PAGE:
And in more than a half dozen interviews with stakeholders in and out of government, no one argued the fact that far fewer people were talking about city IT policy before Frank came on the scene.


“Allan convinced me to come up here,” says now interim CTO Tommy Jones, who left a deputy stead in the Washington D.C. government in 2009 to serve under Frank. “His passion for wanting to fix Philly is unmatched and infectious.”

One word that those who know him often ascribe to Frank is “energy.”

Less than a month before announcing he was leaving, Frank was the featured speaker at a private event for government employees. If he wasn’t a rock star, he was at least a mid-level celebrity in a celebrity-starved city. He doesn’t walk like a bureaucrat, he doesn’t talk like a bureaucrat, he says he doesn’t work like a bureaucrat. And if only because he preaches in wild metaphor, paints rosy pictures of the future and will lean in close to say something private, he excited outsiders with a bold vision while, he says, he also addressed the fundamental infrastructure concerns of an outdated municipal government IT.

For almost two years, in each interview with Technically Philly, Frank would contort his body, wrench his arms, lean backward and forward, reach out and touch a hand or a leg and generally move in a way that suggests it would be impossible to pin him down. In truth, he talks in much the same way.


It might help to put Frank’s work into two categories.

First, there are the public facing projects, like that big, bold, five-year vision, the mostly successful broadband stimulus applications, applying for Code for America fellows (who arrived this week) and a thus far failed, but inclusive, bid for Google-funded experimental, super high-speed broadband internet. In these areas, aside from some casual criticism (“I remain unimpressed,” says Alex Hillman, the co-founder of co-working space Independents Hall) Frank is mostly credited for doing what no one in the city IT space has before — actually making a few thousand residents know who he is and care. This is the area Frank gives himself an A.

Below, watch Frank speak about the Google fiber initiative.


In the second area, where Frank grades his performance a B-, the businessman who helped build a very large tech consulting firm in the 1990s was in charge of IT for one of the largest city governments in the country. That’s what he, and his staff, call repetitively ‘running the railroad.’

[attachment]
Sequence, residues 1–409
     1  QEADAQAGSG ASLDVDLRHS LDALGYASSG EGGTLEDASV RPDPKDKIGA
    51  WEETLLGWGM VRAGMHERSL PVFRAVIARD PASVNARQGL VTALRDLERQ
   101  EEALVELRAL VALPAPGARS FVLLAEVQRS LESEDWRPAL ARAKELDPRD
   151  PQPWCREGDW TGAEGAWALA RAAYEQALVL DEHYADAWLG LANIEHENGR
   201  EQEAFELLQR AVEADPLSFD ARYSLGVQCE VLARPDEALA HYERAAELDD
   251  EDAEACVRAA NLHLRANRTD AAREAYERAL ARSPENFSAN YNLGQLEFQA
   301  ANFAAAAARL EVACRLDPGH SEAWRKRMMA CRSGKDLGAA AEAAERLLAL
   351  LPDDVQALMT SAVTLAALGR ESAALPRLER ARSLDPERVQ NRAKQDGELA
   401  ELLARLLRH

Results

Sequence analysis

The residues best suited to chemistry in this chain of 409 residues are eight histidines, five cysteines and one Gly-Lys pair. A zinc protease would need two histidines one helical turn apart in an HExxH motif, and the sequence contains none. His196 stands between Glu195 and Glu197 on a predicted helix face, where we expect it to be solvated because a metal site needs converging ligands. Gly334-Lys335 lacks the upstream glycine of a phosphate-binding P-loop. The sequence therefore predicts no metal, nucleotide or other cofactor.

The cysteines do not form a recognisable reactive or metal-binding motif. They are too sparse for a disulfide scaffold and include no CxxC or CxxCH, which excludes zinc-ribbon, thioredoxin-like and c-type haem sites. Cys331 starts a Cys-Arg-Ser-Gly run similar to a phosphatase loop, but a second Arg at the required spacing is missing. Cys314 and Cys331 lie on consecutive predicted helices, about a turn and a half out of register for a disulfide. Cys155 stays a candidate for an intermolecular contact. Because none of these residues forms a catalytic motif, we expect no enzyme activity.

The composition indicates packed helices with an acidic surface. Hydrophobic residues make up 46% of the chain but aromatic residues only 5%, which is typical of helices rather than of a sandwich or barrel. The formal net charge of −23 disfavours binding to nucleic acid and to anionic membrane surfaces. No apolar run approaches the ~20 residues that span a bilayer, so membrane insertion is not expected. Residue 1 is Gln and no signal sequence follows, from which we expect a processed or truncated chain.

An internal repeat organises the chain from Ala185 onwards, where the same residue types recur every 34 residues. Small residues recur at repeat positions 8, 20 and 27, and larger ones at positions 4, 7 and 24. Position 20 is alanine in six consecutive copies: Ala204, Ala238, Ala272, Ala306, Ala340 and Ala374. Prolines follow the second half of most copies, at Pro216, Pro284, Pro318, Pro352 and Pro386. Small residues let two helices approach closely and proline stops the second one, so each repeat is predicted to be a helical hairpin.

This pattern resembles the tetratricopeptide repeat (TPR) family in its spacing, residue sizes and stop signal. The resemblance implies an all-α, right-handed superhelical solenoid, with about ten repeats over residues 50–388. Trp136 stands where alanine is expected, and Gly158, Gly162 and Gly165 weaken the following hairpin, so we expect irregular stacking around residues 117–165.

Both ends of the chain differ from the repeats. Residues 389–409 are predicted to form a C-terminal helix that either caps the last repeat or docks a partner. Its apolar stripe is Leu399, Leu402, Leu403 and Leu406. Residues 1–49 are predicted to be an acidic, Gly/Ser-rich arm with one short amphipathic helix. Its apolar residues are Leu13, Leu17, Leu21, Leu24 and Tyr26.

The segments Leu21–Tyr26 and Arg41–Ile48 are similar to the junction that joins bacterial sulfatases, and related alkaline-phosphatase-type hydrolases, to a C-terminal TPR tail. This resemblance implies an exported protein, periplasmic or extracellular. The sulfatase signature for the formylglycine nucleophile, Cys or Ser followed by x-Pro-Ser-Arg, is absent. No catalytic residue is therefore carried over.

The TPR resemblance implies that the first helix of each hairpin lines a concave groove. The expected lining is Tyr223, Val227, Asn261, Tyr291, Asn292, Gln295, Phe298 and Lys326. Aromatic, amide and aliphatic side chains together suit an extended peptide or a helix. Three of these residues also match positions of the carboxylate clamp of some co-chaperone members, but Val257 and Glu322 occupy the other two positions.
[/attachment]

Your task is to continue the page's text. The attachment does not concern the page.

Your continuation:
“People would say, you can’t work in government,” Frank says, proud of his reputation as an entrepreneur. “But I did, and, yes, I was naive, but I don’t think I did such a bad job.”

“He was an effective leader in the sense that he was able to identify what the issues are and convince people that it’s worth making an investment in IT,” said Anuj Gupta, once a city employee who worked with the Division of Technology on projects while he was in the Managing Director’s Office, and later, in the Department of Licenses and Inspections. “He was contending with decades of disinvestment that anyone would be hard pressed to move to becoming a model of efficiency overnight.”

Two initiatives dominate this part of tenure: the $120 million, five-year plan and the consolidation of IT services across more than 30 city agencies. The first was meant to bring Philadelphia “into the 20th century, so we can move on to the 21st,” Frank once said. The second was meant to cut costs, pool talent and improve city IT services: from network capacity to help desk initiatives to more public innovations.

The ‘Digital Philadelphia‘ plan was innovative and comprehensive and exciting, Councilman Green says, “but nothing is done.”  Green also credits Frank with starting the IT consolidation move, but, he says, even that can’t be called a victory yet.

“Most of the IT staff involved in that change are still at the same desks answering the same phones,” Green says.

“Really,” Green goes on, leaning back in a chair in his City Hall office in December, “my only thought is ‘let’s get moving.”

“Is there way more ahead of us than behind? Yes,” says Division of Technology Chief of Staff Jeff Friedman. “But have we made significant strides forward? Call me a bad source for being so positive, but, yes, we have pushed the ball forward in real ways in three years of work under Allan.”

So the questions seem to land on time. How long does it take to transform a wide-ranging city IT system with political minefields into a modern, functional department? That remains the debate.

“Allan had a vision and put 150 percent of his soul into moving Philly forward, and he has moved it ahead leaps and bounds,” says interim CTO Jones. “Of course, he left it to me to make it work.”

Staff writer Brian James Kirk contributed to this report.

Companies: City of Philadelphia / Media Mobilizing Project
Series: Transparencity